Strains of the earliest divergent Frankia clade, cluster-2, split into two lineages in Gondwana. One lineage came to the northern hemisphere via India with Coriaria sp. and the precursors of Datiscaceae. The other lineage spread in the southern hemisphere but eventually spread to the northern hemisphere when the distance between Papua New Guinea/New Guinea and the northern hemisphere South East Asian islands had reduced in the Miocene.

Loss of the symbiosis, or extinction of a symbiotic plant species, should have taken place for a non-Coriaria Frankia cluster-2 host after the split of the northern hemisphere Coriaria species in C. myrtifolia, C. nepalensis, C. terminalis on the one hand and C. japonica, C. intermedia on the other hand, i.e., at the earliest in the Miocene. This might be consistent with the hypothesis [8] that the decrease in atmospheric CO2 in the Oligocene and Miocene accounted for the loss of nodulation.

Analysis of inocula from Coriaria spp. nodules from New Zealand will have to show how cluster-2 Frankia strains reached this island.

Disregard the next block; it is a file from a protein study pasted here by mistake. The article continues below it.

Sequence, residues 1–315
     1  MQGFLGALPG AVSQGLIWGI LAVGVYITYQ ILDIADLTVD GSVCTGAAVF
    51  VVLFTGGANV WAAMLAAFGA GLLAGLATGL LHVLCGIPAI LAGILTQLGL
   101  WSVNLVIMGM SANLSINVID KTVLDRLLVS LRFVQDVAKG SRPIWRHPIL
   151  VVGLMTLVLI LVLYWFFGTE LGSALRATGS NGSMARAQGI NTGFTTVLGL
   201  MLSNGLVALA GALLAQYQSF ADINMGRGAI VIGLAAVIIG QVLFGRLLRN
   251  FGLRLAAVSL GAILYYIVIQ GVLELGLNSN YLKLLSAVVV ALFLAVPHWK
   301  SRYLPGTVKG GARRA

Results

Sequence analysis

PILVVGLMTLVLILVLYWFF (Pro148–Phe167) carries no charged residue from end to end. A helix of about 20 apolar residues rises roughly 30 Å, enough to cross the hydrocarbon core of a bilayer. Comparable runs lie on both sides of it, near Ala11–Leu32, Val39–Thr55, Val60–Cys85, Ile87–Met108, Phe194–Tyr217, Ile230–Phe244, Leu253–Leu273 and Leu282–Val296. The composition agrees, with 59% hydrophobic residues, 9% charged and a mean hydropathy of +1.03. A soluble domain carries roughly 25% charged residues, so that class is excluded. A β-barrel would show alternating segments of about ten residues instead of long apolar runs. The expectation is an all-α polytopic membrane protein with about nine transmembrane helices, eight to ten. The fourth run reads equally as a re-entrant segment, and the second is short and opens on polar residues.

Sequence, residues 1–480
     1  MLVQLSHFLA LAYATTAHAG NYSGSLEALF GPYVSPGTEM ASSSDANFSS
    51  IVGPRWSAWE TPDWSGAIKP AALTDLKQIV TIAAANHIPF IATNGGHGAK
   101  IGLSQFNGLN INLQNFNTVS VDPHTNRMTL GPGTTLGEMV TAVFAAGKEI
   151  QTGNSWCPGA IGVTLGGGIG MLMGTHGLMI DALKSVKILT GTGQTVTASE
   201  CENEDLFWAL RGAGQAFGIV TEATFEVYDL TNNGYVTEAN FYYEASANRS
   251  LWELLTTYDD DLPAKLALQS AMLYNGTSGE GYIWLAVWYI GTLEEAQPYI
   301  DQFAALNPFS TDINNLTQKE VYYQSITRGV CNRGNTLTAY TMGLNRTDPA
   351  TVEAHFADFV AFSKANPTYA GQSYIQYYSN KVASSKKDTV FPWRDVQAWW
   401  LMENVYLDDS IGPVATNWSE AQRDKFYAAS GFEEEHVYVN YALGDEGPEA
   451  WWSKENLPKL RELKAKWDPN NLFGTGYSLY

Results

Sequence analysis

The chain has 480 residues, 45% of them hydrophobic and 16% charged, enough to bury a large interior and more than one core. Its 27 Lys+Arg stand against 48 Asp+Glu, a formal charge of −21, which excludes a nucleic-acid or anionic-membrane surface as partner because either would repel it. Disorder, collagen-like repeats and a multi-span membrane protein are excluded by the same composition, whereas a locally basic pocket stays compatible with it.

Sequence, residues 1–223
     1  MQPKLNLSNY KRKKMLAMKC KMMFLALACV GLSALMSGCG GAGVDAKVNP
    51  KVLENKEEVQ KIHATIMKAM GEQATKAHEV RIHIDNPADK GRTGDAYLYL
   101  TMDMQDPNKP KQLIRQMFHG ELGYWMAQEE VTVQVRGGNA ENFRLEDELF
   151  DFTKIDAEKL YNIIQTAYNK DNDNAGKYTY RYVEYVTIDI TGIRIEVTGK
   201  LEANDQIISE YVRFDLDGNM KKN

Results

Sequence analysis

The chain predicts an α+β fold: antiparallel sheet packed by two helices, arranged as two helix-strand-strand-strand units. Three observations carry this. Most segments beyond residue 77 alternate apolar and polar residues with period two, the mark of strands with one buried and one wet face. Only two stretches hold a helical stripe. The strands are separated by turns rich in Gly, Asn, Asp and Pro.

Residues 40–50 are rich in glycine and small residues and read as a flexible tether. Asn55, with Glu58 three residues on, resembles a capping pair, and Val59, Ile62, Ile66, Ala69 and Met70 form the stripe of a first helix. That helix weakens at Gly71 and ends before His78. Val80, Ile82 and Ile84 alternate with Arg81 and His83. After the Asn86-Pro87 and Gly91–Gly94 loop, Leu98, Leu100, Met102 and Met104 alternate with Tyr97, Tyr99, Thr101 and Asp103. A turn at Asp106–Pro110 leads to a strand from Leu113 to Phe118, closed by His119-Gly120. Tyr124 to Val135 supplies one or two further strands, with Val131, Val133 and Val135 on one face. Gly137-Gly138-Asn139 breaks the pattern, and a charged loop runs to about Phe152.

Plant and bacterial material

Nodules of Coriaria intermedia Matsum. were collected at Taiping Mountain, Taiwan (24°29′51.5″ N 121°32′07.9″ E) in January 2017. Leaves were collected from the sample plant on July 8, 2018. A voucher was deposited in the herbarium of the Swedish Museum of Natural History, leg. K. Pawlowski s.n. (S; Reg. No. S18–40315). Nodules of C. intermedia were collected in April 2018 in Poblacion, Atok, Benguet/Sto. Tomas, Tuba, Benguet-CAR, Philippines. Vouchers were deposited in the Herbarium at the Department of Botany, University of the Philippines, leg. C.M. Bandong s.n. (Reg. No. 21414) and in the herbarium of the Swedish Museum of Natural History, leg. K. Pawlowski s.n. (S; Reg. No. S19–5452). Nodules of Coriaria japonica A. Gray were collected in RNAlater (Sigma-Aldrich, Japan) on the riverbanks of Nikko City (36°44′ N, 139°37′ E; 520 m a.s.l.) in central Japan by Sae Katayama and Masaki Tateno. Nodules were also collected in Oshu city (39°12′01.2“ N 141°23’48.1” E) in Iwate province in the northern part of Honshu, Japan, by Takashi Yamanaka in absolute ethanol. All nodules were immediately frozen and kept at − 20 °C upon arrival in Stockholm, Sweden. Vouchers were deposited in the herbarium of the Swedish Museum of Natural History, leg. F. Berckx s.n. (Reg. No. S22–86 and S22–87).